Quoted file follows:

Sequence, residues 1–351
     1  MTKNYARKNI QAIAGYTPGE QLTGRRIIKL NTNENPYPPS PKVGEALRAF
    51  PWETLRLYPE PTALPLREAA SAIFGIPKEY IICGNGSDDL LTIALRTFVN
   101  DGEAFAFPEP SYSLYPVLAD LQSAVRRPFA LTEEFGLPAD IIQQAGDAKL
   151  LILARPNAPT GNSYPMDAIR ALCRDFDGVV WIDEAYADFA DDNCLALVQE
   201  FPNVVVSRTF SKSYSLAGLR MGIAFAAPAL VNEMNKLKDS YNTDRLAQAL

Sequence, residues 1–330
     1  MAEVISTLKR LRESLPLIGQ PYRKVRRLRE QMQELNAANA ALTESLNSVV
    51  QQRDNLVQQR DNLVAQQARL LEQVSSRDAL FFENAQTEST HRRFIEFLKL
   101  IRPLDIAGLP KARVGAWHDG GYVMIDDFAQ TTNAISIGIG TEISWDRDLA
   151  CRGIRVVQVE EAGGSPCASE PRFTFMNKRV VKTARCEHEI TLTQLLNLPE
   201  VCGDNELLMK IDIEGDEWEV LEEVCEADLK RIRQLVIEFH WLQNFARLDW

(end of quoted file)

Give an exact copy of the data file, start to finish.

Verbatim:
Sequence, residues 1–351
     1  MTKNYARKNI QAIAGYTPGE QLTGRRIIKL NTNENPYPPS PKVGEALRAF
    51  PWETLRLYPE PTALPLREAA SAIFGIPKEY IICGNGSDDL LTIALRTFVN
   101  DGEAFAFPEP SYSLYPVLAD LQSAVRRPFA LTEEFGLPAD IIQQAGDAKL
   151  LILARPNAPT GNSYPMDAIR ALCRDFDGVV WIDEAYADFA DDNCLALVQE
   201  FPNVVVSRTF SKSYSLAGLR MGIAFAAPAL VNEMNKLKDS YNTDRLAQAL

Sequence, residues 1–330
     1  MAEVISTLKR LRESLPLIGQ PYRKVRRLRE QMQELNAANA ALTESLNSVV
    51  QQRDNLVQQR DNLVAQQARL LEQVSSRDAL FFENAQTEST HRRFIEFLKL
   101  IRPLDIAGLP KARVGAWHDG GYVMIDDFAQ TTNAISIGIG TEISWDRDLA
   151  CRGIRVVQVE EAGGSPCASE PRFTFMNKRV VKTARCEHEI TLTQLLNLPE
   201  VCGDNELLMK IDIEGDEWEV LEEVCEADLK RIRQLVIEFH WLQNFARLDW